Wrestling

Coaches: Kurt Phelps and Jeff Oesch

Finish last year: Lost in districts

Key returners: Senior Zeke Breuninger, junior Larry Gotcher

Key additions: Sophomore Daniel Colon

The team comes into this season hoping to build off its season last year. The team is lead by senior Zeke Breuninger who said, “We’re hoping to win districts as a team this year because we definitely had a chance to last year.” One of the key performers for this season is expected to be junior Larry Gotcher who said, “We have a good base to build off and we are looking to work hard and get better as the season goes on.” Breuninger said he hopes to build off a good season last year in which he finished eighth in the state in his weight class. He said, “I’m hoping to finish in the top three in the state meet this season.” The wrestling team begins the season on Dec. 7 at Howell.

Curing cancer one spike at a time

In the fourth grade senior Josie Dusack sat down at the dinner table not expecting news that would affect her entire childhood. This was the day that Dusack discovered that her mother was diagnosed with breast cancer.

“I didn’t understand how serious it really was,” Dusack said. “I never saw that death was really an option. I saw it as, ‘Oh my mom is sick. She’ll get better soon.’”

But Charlene Dusack, Josie’s mom, said she thinks that Josie had a more difficult time understanding the implications of her sickness than she realizes.

“Since she was very young she didn’t quite understand how serious the situation was, Charlene said. “However, she did see the impact of my surgeries and chemotherapy.”

With the Dusack family’s experience with the disease, this year’s Volley For a Cure, a volleyball game between Dexter and Chelsea to help raise money for breast cancer research, represented more than just a game to them.

The game, which took place on Oct. 22, saw student sections from both schools pack the stands to watch the game. Dexter swept Chelsea, winning the first three games in a row to win the match. All money raised by Volley for a Cure went to the Michigan Affiliate Susan G. Komen Organization, a non-profit group that raises money to help fight breast cancer.

“I like being able to help raise money to find the cure for breast cancer because that means in the future, other women won’t have to get it,” said Josie, who is a member of the volleyball team. “Also, I have a higher risk of getting it. If helping finding a cure means that I won’t get breast cancer, then my kids and family won’t have to go through what I went through.”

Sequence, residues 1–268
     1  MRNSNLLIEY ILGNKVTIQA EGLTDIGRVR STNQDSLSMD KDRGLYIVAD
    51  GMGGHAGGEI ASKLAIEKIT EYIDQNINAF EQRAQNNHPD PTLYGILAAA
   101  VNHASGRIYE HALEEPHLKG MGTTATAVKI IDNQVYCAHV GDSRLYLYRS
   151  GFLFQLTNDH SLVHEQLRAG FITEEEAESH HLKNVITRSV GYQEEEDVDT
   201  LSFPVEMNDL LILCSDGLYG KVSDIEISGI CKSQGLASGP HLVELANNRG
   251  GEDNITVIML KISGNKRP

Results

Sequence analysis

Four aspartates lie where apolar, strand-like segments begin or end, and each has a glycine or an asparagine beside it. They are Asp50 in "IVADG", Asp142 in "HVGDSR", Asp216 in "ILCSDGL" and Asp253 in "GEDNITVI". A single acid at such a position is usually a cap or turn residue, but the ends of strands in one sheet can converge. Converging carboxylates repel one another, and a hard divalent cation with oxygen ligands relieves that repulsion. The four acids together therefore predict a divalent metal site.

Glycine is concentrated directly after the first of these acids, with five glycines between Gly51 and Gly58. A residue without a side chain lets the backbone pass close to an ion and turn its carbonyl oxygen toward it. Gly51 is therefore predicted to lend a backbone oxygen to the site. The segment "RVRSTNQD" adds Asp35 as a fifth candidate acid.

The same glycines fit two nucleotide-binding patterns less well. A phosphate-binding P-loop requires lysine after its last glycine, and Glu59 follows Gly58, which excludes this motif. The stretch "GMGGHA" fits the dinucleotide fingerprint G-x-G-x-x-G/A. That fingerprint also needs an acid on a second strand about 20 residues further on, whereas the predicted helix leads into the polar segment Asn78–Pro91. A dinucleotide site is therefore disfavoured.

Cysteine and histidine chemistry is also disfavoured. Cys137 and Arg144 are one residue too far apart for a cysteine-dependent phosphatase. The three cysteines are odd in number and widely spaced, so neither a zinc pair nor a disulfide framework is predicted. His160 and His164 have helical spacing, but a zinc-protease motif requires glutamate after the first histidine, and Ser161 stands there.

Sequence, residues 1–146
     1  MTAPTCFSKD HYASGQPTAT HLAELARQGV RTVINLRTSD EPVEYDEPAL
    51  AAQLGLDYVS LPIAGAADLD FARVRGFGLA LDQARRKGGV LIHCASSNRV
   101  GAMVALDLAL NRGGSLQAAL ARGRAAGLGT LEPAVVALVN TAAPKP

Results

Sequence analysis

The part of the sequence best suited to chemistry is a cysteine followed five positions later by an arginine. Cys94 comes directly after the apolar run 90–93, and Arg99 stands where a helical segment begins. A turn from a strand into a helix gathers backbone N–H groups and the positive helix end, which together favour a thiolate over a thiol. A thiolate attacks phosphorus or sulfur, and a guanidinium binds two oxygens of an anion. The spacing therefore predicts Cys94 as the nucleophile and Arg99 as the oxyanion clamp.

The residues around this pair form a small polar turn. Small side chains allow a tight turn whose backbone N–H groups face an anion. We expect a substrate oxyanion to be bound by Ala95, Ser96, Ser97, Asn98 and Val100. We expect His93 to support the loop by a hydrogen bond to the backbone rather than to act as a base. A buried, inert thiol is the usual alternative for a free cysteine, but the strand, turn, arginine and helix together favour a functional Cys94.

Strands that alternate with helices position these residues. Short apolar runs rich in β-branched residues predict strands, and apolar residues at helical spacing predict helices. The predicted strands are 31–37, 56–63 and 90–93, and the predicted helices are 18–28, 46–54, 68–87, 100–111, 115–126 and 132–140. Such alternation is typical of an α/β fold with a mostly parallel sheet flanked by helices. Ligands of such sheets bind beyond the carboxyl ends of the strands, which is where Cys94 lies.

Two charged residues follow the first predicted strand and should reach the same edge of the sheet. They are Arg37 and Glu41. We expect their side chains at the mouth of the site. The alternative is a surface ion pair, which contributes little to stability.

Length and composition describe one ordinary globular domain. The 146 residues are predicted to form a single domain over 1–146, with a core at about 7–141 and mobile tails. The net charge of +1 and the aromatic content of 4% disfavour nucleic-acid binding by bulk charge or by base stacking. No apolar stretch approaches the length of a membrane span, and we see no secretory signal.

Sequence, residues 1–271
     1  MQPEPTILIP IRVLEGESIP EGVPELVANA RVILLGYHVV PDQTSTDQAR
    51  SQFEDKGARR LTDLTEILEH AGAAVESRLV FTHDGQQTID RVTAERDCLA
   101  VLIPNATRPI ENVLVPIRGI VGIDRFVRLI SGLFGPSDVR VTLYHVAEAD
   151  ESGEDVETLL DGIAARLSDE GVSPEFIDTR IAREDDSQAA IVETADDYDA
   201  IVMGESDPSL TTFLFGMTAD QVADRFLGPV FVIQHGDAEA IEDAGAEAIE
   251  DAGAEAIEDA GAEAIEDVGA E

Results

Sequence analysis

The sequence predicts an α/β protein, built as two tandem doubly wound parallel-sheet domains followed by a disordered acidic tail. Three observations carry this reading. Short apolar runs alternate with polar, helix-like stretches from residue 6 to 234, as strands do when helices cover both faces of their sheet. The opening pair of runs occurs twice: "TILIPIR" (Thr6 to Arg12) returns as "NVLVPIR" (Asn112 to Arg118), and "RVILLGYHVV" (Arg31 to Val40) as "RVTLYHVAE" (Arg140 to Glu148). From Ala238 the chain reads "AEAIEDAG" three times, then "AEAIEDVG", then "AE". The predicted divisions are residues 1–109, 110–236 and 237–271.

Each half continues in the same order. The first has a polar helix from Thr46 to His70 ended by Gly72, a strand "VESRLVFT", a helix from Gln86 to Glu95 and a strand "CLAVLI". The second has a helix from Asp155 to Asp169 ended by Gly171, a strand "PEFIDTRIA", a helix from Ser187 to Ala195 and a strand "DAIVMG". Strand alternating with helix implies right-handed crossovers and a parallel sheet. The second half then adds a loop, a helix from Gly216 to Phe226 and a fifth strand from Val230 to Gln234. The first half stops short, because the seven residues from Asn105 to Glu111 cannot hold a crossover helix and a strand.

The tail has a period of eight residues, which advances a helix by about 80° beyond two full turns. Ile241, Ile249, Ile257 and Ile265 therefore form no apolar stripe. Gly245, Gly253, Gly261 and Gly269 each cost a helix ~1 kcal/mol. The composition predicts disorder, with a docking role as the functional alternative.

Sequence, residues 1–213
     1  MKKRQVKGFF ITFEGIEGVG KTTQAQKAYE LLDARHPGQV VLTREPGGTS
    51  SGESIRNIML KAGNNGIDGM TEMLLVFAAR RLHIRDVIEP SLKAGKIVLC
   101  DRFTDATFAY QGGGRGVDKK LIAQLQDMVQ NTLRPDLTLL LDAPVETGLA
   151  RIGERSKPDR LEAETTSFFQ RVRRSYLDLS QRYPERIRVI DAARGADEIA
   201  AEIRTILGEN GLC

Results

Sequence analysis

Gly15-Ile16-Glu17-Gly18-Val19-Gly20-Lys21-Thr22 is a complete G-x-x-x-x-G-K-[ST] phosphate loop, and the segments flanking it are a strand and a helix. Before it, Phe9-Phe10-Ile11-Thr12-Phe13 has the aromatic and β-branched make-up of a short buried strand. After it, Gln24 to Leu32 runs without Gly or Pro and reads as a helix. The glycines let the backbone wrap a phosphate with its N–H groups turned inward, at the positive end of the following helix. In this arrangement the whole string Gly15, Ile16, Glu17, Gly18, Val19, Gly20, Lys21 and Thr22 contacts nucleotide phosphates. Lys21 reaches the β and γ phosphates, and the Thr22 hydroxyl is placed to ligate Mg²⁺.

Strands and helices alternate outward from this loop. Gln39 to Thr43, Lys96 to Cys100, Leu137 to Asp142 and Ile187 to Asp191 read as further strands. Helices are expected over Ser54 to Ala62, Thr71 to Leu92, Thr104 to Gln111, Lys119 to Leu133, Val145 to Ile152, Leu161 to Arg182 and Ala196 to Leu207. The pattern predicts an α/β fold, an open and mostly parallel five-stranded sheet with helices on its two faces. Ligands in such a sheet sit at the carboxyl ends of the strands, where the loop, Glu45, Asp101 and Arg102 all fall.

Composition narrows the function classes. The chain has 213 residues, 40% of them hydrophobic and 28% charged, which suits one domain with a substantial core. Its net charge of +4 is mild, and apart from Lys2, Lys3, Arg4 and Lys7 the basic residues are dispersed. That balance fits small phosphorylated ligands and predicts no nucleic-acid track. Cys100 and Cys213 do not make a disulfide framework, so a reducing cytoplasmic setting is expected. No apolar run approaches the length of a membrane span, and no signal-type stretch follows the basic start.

And Charlene is proud of her daughter for participating in an event like this.

“I’m very proud of her passion to help raise money to find a cure so that other women do not have to experience breast cancer,” she said.

For Josie, the opportunity to get her classmates involved in such a personally important cause was one of her favorite parts of the event.

“I think it’s important for the school to help raise money for people who are affected by breast cancer because it shows that everyone else cares and it’s not just the people who are affected by breast cancer that care about it,” Josie said. “The school helps get their students and staff members through it and it’s comforting to know there are people you can go to for help.”

Head volleyball coach Deanna Day agrees.

“I think it’s a great opportunity for the girls to think about something that’s bigger than them,” Day said. “These girls are 18, 17 and 16 years old, and I think Volley for a Cure is a great way for them to start seeing the bigger picture of life.”

With the importance of this game to both Josie and her mother, the feeling of victory after this particular game is something that will stick with Josie for a long time.

“It was the best feeling in the world,” Josie said. “We had already lost to them twice this season so they thought that they had it in the bag, but we came out stronger than ever to win a game that meant so much to me.”

New concussion regulations impact athletes

Cam Winston went in for tackle against Fowlerville on Aug. 29.  After the play, a Fowlerville player hit Winston in the head, and Winston fell to the ground.  He laid there unconscious and knocked out for several minutes with a concussion.

“I felt confused and dizzy and had to remember what happened,” Winston said.